This is the little mountain at the end of my Perris friends’ road:
I resolved to climb it every day of my stay, to counteract the debilitating effects of too much holiday feasting and revelry. I ended up skipping a hike or two, but not many. After the first couple of days the little mountain didn’t feel like a workout anymore, so I widened my range until I had scaled all of the immediately local peaks, such as they were.
I found this embedded in the top of a random peak. I have no idea what it means or why it’s there.
At one point my uncle came to visit from Phelan, and requested a tour of my little mountain range.
But most of the time I hiked alone. I really wanted to climb the big (relatively speaking) mountain on the other side of the Expressway next to Lake Perris.
I hadn’t climbed that one since I was in my teens or early twenties, way back in the day. It’s not really a mountain you want to tackle by yourself though. If something went wrong, help would be a while getting to you. On the last hike of my stay, I compromised by setting my sights on a handful of geocaches around its base. I didn’t expect to have time to get to all of them, and in fact I only got to two of the caches and didn’t actually find either one of those. Without a real gps unit it’s really just a guessing game trying to figure out which pile of rocks you’re supposed to be searching under. No regrets though, it was a beautiful hike.
The second geocache that I searched for was supposedly next to this big rock face.
I tried to climb that once, without equipment, in one of my younger and more foolish years. I didn’t get very far. To give a better idea of the scale of this thing, here are some arrows pointing to people who were climbing it when I snapped the pic:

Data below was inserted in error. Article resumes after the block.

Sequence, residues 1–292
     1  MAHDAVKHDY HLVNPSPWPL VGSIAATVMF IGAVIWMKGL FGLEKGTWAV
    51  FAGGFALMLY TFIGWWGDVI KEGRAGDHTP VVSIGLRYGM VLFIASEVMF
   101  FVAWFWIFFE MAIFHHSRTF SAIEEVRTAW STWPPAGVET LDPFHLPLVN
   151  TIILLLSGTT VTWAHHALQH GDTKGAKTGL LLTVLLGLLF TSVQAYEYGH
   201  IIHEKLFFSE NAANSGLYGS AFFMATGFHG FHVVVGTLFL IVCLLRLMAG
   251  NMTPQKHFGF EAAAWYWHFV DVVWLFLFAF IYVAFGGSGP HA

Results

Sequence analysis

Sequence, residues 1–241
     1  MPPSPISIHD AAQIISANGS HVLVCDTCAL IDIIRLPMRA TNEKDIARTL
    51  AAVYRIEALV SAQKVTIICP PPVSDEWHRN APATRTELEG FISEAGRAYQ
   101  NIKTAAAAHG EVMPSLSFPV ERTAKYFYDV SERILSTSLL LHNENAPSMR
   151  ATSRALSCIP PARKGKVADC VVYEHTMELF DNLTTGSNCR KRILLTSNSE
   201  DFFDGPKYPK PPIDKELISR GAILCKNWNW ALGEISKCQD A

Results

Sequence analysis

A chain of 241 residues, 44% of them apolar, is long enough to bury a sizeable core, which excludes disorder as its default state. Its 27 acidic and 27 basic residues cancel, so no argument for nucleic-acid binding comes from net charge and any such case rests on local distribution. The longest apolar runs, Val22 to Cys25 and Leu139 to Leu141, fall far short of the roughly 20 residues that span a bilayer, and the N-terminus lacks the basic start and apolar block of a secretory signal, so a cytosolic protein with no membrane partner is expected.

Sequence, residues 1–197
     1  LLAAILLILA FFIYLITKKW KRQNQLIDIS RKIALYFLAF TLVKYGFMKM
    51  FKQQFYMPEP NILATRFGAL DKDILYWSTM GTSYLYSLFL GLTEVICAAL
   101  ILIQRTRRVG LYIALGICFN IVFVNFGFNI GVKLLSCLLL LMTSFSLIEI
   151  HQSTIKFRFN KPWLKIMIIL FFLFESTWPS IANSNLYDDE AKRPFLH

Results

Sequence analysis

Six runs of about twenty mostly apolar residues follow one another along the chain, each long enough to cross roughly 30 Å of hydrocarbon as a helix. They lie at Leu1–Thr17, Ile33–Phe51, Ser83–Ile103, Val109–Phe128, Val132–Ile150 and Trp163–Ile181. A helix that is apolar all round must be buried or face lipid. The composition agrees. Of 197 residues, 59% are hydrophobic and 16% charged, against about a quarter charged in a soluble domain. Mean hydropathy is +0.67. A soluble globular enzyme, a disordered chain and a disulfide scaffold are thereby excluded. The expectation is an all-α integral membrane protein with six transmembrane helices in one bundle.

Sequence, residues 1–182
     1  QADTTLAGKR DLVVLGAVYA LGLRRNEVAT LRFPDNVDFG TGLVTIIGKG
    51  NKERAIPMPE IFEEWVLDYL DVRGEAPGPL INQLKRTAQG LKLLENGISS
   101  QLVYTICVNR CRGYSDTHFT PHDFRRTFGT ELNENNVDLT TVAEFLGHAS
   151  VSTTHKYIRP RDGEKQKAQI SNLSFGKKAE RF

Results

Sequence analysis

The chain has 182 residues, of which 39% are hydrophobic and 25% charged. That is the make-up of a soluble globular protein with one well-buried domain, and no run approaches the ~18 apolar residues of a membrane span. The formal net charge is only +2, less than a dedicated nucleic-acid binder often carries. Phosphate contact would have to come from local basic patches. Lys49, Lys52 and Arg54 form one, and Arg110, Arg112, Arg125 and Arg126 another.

That hike brought back a lot of memories. Two decades ago I used to ride Stormy on those trails.
The next day Steve dropped off Luke and Elizabeth. And if I’m completely honest, I will admit that our reunion was a little disorienting for me.
As I said in an earlier post, this was the longest that the kids and I had ever been apart. The first couple of days, I missed them like hell. I texted them to make sure they were okay, and felt a surge of relief every time Elizabeth posted to Facebook. But they were obviously having a fine time, and so was I, so I stopped worrying and began to enjoy the break. And there I was in this place where I had spent some of my carefree single years, with nothing to do but hike and play with my old friends and act like a kid again, and it was very easy to slip into that old mindset. And then suddenly the kids were with me again, and of course it was great to see them and catch up and everything, but…there was a very small part of me that had a hard time letting go of my rediscovered freedom. It was just…disorienting.
The next morning we headed back to Texas. By the time we arrived in DFW, the weirdness had passed and I was back in parenting mode. We all agreed that, while it was wonderful to see our old friends again, SoCal no longer felt like home. We’re just not desert people; we like trees and grass and rain. We like Texas.
I do kind of miss the mountains, though.